reverendt
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Re: Turning down a T14? Does this logic hold?

Postby reverendt » Mon Mar 29, 2010 7:35 pm

Your logic about underperforming and overperforming at the schools doesn't hold up. There will be very little if any difference between the caliber of your classmates.

rando
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Re: Turning down a T14? Does this logic hold?

Postby rando » Mon Mar 29, 2010 7:37 pm

reverendt wrote: There will be very little if any difference between the caliber of your classmates.


I'm not sure this is true

Your logic about underperforming and overperforming at the schools doesn't hold up.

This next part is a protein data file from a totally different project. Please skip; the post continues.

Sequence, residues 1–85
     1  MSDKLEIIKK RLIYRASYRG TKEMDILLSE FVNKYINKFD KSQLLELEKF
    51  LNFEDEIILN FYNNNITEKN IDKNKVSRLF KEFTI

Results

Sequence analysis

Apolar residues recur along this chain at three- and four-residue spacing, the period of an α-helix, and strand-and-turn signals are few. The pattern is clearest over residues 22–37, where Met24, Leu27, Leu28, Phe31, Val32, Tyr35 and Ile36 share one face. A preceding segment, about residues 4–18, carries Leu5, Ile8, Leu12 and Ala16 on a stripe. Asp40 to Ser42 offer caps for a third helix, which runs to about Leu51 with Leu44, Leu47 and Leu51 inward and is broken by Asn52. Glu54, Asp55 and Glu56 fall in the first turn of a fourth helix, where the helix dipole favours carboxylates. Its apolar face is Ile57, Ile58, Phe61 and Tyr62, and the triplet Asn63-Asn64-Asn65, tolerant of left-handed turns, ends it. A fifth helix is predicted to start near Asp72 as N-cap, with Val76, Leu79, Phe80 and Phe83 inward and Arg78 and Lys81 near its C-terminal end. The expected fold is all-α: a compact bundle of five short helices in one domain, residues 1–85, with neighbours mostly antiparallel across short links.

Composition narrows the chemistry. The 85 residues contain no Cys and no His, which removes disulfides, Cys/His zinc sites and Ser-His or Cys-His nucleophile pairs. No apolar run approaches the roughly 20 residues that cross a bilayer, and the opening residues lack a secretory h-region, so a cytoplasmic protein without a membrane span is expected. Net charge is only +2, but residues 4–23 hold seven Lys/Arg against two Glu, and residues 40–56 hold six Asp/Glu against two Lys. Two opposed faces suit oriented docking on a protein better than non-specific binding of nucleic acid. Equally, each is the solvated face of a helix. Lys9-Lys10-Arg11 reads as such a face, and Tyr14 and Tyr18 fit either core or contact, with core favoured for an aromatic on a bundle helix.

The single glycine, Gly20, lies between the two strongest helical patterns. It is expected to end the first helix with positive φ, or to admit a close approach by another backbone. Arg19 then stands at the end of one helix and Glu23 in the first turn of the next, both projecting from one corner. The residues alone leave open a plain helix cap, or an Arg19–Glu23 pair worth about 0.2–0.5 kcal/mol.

But I agree that making this assumption is a stretch based on your scores/scholarship

fortissimo
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Re: Turning down a T14? Does this logic hold?

Postby fortissimo » Mon Mar 29, 2010 7:50 pm

Showtimer wrote:But generally, I think grades can be unpredictable. So I wouldn't bank on being in any particular percentile. That's one of the reasons people attend higher ranked schools (so they can do worse in school and still have better/same employment prospects).


I feel the counter to what I'm saying is "grades are unpredictable". But If you claim that then its STILL safer in fordham because they are gonna be unpredicatable anywhere you go...its a safer bet to start out in teh 80% if they are unpredictable rather than start at the 50% if they are unpredictable...any response to that?